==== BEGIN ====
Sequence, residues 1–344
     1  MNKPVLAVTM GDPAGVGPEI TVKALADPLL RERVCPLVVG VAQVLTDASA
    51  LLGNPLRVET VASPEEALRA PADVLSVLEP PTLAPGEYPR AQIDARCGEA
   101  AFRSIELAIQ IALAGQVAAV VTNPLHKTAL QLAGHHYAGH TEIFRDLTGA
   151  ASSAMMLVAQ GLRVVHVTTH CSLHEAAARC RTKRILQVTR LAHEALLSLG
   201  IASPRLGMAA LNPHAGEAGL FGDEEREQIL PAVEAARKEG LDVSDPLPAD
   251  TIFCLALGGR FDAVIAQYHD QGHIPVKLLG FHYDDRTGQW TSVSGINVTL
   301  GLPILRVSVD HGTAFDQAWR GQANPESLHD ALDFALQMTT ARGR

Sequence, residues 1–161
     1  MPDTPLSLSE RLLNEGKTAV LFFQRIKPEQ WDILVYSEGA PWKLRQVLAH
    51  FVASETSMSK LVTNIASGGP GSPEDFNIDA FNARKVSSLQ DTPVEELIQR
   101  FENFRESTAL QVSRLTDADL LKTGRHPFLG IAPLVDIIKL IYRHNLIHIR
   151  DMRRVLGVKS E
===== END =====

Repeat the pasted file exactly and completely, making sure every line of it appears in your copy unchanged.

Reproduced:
Sequence, residues 1–344
     1  MNKPVLAVTM GDPAGVGPEI TVKALADPLL RERVCPLVVG VAQVLTDASA
    51  LLGNPLRVET VASPEEALRA PADVLSVLEP PTLAPGEYPR AQIDARCGEA
   101  AFRSIELAIQ IALAGQVAAV VTNPLHKTAL QLAGHHYAGH TEIFRDLTGA
   151  ASSAMMLVAQ GLRVVHVTTH CSLHEAAARC RTKRILQVTR LAHEALLSLG
   201  IASPRLGMAA LNPHAGEAGL FGDEEREQIL PAVEAARKEG LDVSDPLPAD
   251  TIFCLALGGR FDAVIAQYHD QGHIPVKLLG FHYDDRTGQW TSVSGINVTL
   301  GLPILRVSVD HGTAFDQAWR GQANPESLHD ALDFALQMTT ARGR

Sequence, residues 1–161
     1  MPDTPLSLSE RLLNEGKTAV LFFQRIKPEQ WDILVYSEGA PWKLRQVLAH
    51  FVASETSMSK LVTNIASGGP GSPEDFNIDA FNARKVSSLQ DTPVEELIQR
   101  FENFRESTAL QVSRLTDADL LKTGRHPFLG IAPLVDIIKL IYRHNLIHIR
   151  DMRRVLGVKS E